Fungal infections: Dimorphic mycoses have spread geographically in the US according to researchers
by NewsDesk Lord, save her
Fungi in soil cause a slew of serious lung infections in 48 of the 50 states and the District of Columbia, including many areas long thought to be free of deadly environmental fungi, According to a study conducted by researchers at the University of Washington Saint Louis College of Medicine.
Studies from the 1950s and 1960s indicated that fungal lung infections were only a problem in certain parts of the country. The new study, available online in Clinical Infectious Diseases, shows that is no longer the case. Researchers said that doctors who rely on outdated maps of pathogenic fungi may miss signs of fungal infection in the lung, leading to a delayed or incorrect diagnosis.
“I get a call every few weeks from a doctor in the Boston area—a different doctor each time—about a case they can’t resolve,” said senior author Andrej Spec, MD, assistant professor of medicine who specializes in fungi. infections. “They always start out by saying, ‘We don’t have a date here, but it really sounds like histo.’ I say, ‘You call me all the time about this. You an act you have histo. “
histoplasmaor histo, is one of the three main types of soil fungi that historically cause lung infections in the United States, histoplasma It is found in the Midwest and parts of the East. Coccidioides In the southwest, and blastomyces in the Midwest and South. But a growing number of case reports and anecdotes suggest that all three have expanded beyond their traditional ranges in recent decades, most likely due to climate change.
People develop a lung fungal infection after inhaling spores from the fungus in the soil. The spores become airborne when the ground is disrupted by farming, landscaping, construction, or even just people walking around in fungus-rich environments like caves. Most healthy adults and children can easily fight off a fungal infection, but infants, the elderly, and people with weakened immune systems may present with fever, cough, fatigue, and other symptoms. Fungal lung infections can easily be confused with bacterial or viral lung infections such as COVID-19, bacterial pneumonia, and tuberculosis.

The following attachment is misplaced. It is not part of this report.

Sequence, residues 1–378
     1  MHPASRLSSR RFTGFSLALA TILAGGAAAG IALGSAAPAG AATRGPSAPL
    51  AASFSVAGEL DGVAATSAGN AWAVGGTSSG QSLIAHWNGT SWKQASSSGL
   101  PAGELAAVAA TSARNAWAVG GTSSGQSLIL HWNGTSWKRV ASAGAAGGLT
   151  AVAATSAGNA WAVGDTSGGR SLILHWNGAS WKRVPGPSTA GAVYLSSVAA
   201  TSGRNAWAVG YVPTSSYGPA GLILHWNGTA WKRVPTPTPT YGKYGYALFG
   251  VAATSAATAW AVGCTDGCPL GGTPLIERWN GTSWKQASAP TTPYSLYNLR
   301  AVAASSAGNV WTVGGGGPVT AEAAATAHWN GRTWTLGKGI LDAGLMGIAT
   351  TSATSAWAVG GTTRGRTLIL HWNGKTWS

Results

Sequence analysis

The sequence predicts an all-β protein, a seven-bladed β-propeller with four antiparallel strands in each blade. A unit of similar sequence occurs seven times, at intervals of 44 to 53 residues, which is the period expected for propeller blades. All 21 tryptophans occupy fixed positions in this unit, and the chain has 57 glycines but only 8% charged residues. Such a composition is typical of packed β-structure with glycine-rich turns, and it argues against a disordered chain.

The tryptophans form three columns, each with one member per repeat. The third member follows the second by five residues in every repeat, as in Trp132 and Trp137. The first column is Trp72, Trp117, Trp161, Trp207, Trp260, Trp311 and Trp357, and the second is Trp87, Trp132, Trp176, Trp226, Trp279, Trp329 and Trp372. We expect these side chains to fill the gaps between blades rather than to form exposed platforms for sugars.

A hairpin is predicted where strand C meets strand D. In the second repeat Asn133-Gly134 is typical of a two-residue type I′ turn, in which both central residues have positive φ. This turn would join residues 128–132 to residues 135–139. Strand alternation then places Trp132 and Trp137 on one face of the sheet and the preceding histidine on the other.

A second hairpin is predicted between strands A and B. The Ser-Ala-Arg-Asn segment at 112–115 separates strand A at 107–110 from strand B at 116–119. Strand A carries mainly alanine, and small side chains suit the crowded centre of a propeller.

“People with fungal lung infections often spend weeks trying to get the right diagnosis and treatment, and all the time they feel worse,” said lead author Patrick P. Mazey, MD, clinical fellow in infectious diseases. “They usually have multiple healthcare visits with multiple opportunities for testing and diagnosis, but the doctor doesn’t consider a fungal infection until they’ve exhausted all other possibilities.”
Speke, Mazey, and colleagues set out to determine where soil fungi are bothering people today. The Centers for Disease Control and Prevention (CDC) last revised its maps of pathogenic fungi in 1969.
The researchers calculated the number of fungal lung infections nationwide from 2007 to 2016 using Medicare fee-for-service claims from all 50 states and the District of Columbia. Using the patients’ home addresses to determine the counties of residence, they calculated the number of cases per 100,000 person-years for each county. (Person-years are a way to correct for the fact that counties can have very different population sizes; one person in Medicare for one year is one person-year.) Provinces caused by more than 100 cases histoplasma or Coccidioidesor 50 cases caused by blastomycesper 100,000 person-years defined as having a high number of fungal lung infections.
Of the 3,143 counties in the United States, 1,806 had a high number of pulmonary infections due to histoplasma339 of Coccidioides and 547 of blastomyces. These counties were distributed across the majority of the US Across the 50 states plus D.C., 94% have at least one county with a problem histoplasma lung infections by 69% Coccidioides and 78% with blastomyces.
“Fungal infections are more common than people realize, and they spread,” said Speck. The scientific community has underinvested in the study and development of treatments for fungal infections. I think that is starting to change, but slowly. It’s important for the medical community to recognize that these fungi are basically ubiquitous these days and that we need to take them seriously and include them in diagnostic thinking.”